Manifestations of immune tolerance in the human female reproductive tract
- Department of Obstetrics, Gynecology and Women's Health, Division of Reproductive Medicine and Fertility, University of Missouri, Columbia, MO, USA
Like other mucosal surfaces (e.g., the gastrointestinal tract, the respiratory tract), the human female reproductive tract acts as an initial barrier to foreign antigens. In this role, the epithelial surface and subepithelial immune cells must balance protection against pathogenic insults against harmful inflammatory reactions and acceptance of particular foreign antigens. Two common examples of these acceptable foreign antigens are the fetal allograft and human semen/sperm. Both are purposely deposited into the female genital tract and appropriate immunologic response to these non-self antigens is essential to the survival of the species. In light of the weight of this task, it is not surprising that multiple, redundant and overlapping mechanisms are involved. For instance, cells at the immunologic interface between self (female reproductive tract epithelium) and non-self (placental trophoblast cells or human sperm) express glycosylation patterns that mimic those on many metastatic cancer cells and successful pathogens. The cytokine/chemokine milieu at this interface is altered through endocrine and immunologic mechanisms to favor tolerance of non-self. The “foreign” cells themselves also play an integral role in their own immunologic acceptance, since sperm and placental trophoblast cells are unusual and unique in their antigen presenting molecule expression patterns. Here, we will discuss these and other mechanisms that allow the human female reproductive tract to perform this delicate and indispensible balancing act.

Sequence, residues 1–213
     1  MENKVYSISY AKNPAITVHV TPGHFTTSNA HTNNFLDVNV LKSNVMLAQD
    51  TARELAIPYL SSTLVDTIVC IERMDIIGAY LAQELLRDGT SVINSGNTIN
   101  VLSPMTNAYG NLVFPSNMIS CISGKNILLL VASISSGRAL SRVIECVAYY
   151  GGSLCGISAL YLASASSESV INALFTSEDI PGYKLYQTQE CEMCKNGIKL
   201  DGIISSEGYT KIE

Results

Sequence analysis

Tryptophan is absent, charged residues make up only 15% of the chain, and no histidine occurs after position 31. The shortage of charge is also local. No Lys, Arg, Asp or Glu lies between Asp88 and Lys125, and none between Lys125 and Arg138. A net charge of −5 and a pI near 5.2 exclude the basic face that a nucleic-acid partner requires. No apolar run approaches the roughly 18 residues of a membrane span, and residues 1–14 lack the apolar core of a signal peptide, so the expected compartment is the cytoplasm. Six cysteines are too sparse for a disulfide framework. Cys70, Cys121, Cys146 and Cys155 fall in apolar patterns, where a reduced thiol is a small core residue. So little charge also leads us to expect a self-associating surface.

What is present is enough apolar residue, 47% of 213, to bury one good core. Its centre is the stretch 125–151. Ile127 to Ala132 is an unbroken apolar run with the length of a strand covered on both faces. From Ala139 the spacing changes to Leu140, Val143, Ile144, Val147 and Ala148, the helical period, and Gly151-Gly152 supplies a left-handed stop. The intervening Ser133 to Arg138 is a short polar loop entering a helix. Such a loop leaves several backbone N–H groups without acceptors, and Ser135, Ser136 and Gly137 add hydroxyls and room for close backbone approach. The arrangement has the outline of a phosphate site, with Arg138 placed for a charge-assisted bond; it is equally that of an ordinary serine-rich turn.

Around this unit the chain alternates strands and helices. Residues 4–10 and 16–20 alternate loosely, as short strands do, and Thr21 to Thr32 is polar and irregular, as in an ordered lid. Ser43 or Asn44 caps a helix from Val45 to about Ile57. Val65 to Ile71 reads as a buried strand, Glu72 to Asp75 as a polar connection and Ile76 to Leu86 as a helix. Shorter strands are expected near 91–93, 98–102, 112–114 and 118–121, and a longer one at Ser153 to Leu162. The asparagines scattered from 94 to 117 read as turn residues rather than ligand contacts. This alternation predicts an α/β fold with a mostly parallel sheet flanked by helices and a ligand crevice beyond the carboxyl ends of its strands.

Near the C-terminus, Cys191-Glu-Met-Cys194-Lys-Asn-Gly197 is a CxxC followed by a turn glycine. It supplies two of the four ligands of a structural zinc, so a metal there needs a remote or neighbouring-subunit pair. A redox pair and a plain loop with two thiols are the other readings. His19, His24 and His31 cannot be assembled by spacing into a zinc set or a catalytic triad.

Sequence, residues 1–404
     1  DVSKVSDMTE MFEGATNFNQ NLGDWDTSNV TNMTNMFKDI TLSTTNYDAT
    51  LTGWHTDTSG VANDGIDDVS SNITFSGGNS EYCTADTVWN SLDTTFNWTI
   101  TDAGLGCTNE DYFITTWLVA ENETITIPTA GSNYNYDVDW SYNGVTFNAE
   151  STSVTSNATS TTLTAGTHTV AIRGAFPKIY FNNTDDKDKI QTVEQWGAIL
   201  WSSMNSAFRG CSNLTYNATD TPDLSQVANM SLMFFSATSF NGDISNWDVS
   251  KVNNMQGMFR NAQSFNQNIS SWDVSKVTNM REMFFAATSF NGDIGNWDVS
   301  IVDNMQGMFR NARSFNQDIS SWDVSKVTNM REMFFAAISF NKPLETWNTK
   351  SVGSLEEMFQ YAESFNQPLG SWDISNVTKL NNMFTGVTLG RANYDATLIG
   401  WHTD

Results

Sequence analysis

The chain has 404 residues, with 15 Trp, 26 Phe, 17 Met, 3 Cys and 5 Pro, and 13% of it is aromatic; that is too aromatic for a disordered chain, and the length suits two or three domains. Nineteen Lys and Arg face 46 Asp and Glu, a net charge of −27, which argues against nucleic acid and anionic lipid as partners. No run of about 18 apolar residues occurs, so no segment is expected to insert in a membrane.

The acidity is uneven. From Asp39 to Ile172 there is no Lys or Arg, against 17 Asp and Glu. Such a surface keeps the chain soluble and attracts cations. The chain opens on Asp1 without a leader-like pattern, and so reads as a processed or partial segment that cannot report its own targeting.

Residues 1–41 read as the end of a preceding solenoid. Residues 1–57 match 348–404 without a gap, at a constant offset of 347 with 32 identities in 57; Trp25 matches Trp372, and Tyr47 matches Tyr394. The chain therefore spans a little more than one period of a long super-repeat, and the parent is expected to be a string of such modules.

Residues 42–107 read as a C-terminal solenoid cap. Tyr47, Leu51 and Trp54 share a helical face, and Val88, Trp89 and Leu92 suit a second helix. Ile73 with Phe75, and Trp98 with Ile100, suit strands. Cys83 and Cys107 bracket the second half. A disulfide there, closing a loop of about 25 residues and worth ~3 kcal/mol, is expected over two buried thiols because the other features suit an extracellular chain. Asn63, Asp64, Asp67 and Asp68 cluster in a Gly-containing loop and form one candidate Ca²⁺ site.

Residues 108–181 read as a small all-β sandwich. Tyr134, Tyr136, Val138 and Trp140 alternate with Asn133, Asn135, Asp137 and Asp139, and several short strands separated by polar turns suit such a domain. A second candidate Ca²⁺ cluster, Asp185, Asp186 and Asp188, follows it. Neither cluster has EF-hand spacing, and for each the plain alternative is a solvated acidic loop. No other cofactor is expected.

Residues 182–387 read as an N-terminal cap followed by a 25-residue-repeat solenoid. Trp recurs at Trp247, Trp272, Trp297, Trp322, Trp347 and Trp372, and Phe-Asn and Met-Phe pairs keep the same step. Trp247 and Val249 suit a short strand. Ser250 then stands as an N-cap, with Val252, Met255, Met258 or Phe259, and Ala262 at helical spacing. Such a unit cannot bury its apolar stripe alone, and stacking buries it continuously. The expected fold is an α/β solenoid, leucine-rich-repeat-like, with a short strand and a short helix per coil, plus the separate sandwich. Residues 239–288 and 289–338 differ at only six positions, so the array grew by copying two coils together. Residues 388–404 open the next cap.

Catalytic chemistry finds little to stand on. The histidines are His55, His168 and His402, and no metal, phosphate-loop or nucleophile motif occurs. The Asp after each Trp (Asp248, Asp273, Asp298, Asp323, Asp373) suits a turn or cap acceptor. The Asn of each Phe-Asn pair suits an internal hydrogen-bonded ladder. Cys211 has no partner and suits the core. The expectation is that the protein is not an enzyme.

There are specific locations in human tissues and organs where alloantigens and autoantigens are tolerated by the immune system. This tolerance can exist indefinitely or for defined periods of time like pregnancy. This uncoupling of the adaptive immune response confers a physiological state known as immune privilege (Streilein, 1995). Evidence suggesting the existence of immune privilege was first obtained by van Dooremal, who documented the extended survival of murine skin xenografts in the anterior chamber of the dog eye in 1873 (van Dooremaal, 1873). Other well-established immune privileged tissues and organs include the uteroplacental unit (Medawar, 1953; Beer and Billingham, 1971), brain (Muldoon et al., 2013), testes (Li et al., 2012), and the prostate (Neaves and Billingham, 1979; Leibovitz et al., 2004).